Histology, Alimentary Canal, Oesophagus, Animal Body Structure, Zoology Help

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Histology: The study of minute structural details from the very level of tissue to the various structural differentiations produced by it in an organ or body is the scope area of the histology.


The alimentary canal or digestive tube of a mammal's body is composed of maximum five basic layers. These are from outside inwards-

1. Serous membrane or serosa

2. Muscular coat or muscular layer

3. Sub-mucosa

4. Muscularis mucosae

5. Mucosa

1. Serous membrane-The visceral peritoneum is the outermost covering of the digestive tuba. It is thin and membranous coelomic epithelium. It is made up of single layer of squamous epithelial cells resting upon a thin basement membrane. It is continuous with the mesentery and the peritoneal lining of the body cavity. It is composed of outer layer of mesothelial cell and inner thin layer of connective tissue.

2. Muscular coat: It is composed of smooth muscle fibres arranged in two layers:

(a) Outer longitudinal muscle layer

(b) Inner circular muscle layer.

Inner muscle layer is thick. Between these two layers, is a thin layer of connective tissue containing autonomic ganglionated plexus of Auerbach. When longitudinal muscle fibres contract, affected part of alimentary canal becomes shorter and when circular muscle fibres contract, affected part of alimentary canal becomes longer. Continuous contraction and relaxation of these fibres cause a rhythmic wave like movement in digestive tube. This is called peristalsis. This pushes food backward within the tube. Certain other type of contraction which do not form peristalsis are responsible for segmentary pendular movement of the wall. They help in churning and mixing of the food with the digestive juices.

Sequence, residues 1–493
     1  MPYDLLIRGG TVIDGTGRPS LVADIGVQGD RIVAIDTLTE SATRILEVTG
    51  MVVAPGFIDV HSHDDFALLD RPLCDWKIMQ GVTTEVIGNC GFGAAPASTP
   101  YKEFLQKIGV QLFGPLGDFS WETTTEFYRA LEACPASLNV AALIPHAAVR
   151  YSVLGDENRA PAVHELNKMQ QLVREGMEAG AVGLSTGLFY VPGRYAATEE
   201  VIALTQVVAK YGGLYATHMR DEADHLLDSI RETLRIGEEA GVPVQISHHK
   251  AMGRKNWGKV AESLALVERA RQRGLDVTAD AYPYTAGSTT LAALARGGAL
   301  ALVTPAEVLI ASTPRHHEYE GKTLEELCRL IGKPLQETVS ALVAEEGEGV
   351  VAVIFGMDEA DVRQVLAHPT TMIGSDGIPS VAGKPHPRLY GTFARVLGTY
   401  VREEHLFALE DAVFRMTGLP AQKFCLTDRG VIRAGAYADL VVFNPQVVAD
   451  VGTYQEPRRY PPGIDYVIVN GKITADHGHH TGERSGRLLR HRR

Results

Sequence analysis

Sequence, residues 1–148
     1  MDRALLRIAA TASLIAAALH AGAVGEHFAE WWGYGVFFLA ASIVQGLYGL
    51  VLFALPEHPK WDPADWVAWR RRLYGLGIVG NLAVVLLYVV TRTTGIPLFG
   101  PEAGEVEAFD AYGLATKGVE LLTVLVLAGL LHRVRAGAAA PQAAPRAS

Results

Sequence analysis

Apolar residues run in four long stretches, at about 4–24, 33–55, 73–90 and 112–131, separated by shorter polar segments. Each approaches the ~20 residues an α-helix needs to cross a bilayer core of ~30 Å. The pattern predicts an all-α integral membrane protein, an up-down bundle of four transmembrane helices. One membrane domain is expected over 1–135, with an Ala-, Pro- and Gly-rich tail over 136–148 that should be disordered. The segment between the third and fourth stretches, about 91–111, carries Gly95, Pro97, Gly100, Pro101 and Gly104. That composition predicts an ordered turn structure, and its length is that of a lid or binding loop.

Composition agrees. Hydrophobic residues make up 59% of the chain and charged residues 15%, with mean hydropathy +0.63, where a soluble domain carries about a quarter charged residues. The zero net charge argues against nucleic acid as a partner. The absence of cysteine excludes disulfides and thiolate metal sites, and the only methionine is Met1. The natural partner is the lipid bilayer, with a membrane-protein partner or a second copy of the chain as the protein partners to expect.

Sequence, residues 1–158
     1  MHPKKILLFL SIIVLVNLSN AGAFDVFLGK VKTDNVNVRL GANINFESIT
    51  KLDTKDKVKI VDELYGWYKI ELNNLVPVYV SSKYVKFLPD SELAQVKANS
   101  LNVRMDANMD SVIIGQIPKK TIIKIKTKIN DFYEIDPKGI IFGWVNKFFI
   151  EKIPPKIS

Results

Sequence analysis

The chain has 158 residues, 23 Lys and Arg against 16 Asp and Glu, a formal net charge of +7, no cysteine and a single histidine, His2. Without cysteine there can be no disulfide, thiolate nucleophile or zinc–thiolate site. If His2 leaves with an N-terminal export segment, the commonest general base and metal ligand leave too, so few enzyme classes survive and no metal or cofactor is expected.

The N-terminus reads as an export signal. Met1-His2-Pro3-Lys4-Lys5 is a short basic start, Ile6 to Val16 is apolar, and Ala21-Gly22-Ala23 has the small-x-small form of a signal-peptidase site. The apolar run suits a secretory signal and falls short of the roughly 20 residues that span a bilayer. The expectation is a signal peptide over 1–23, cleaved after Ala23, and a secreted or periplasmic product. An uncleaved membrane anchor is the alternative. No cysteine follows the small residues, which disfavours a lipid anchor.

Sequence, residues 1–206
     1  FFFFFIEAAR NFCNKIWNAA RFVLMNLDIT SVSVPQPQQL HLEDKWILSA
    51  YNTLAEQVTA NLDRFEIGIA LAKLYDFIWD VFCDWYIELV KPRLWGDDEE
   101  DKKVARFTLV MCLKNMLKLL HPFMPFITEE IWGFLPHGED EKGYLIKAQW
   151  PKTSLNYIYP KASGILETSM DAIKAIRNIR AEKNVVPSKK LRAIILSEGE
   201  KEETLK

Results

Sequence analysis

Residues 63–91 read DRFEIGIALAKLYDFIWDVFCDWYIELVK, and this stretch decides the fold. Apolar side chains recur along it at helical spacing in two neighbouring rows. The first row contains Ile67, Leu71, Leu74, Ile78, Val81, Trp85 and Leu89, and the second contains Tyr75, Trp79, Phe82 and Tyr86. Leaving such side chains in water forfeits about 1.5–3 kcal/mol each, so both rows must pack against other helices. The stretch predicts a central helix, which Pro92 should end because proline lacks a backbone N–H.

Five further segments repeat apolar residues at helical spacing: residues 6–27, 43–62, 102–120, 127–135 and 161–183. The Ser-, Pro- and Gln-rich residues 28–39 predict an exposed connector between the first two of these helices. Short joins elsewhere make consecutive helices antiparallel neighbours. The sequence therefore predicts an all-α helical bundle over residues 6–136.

3. Sub-mucosa: It is thick and made up of dense and elastic fibrous connective tissue. It may contain large blood vessels, lymphatics and nerves. It may also contain glands. It supports sub-mucous plexus of Meissner which is composed of nerve cells and fibres.

4. Muscularis mucosae: Muscularis interna is also muscular consisting of outer longitudinal and inner circular smooth muscle fibre.

5. Mucosa: It is innermost coat of the tube. It is composed of an outer connective tissue and inner mucous membrane. Connective tissue layer is called lamina propria or corium. Corium contains blood capillaries, lacteal vessels, nerves and often a number of small lymph nodules. Innermost lining of gut is called mucous membrane, which is composed of single layer of columnar epithelial cells resting upon basement membrane. It lies next to lamina propria. Some cells of basement membrane are goblet cells which secret mucous. This mucous keeps membrane lubricated and slippery. Absorptive cells bear microvilli at their free end which increases surface of absorption.

Mucosa is variously folded forming numerous pits and glands of different kinds. Mucosa is mainly concerned with secretion and absorption.


1. It does not have serosa. Instead it is covered by a layer of dense fibrous connective tissue called adventitia externa. The epithelium is highly stratified (about 25 cell layers).

2. Fibres of circular muscular layer are arranged spirally rather than circular.

3. Mucosa does not have digestive glands.

4. Mucosa is folded and contains stratified squamous epithelium.

5. Muscularis mucosae have longitudinal fibres.

6. Upper half of oesophagus contains striped muscle fibres and lower half contains unstriped muscle fibres.

7. Upper part has a layer of oblique muscle bundles.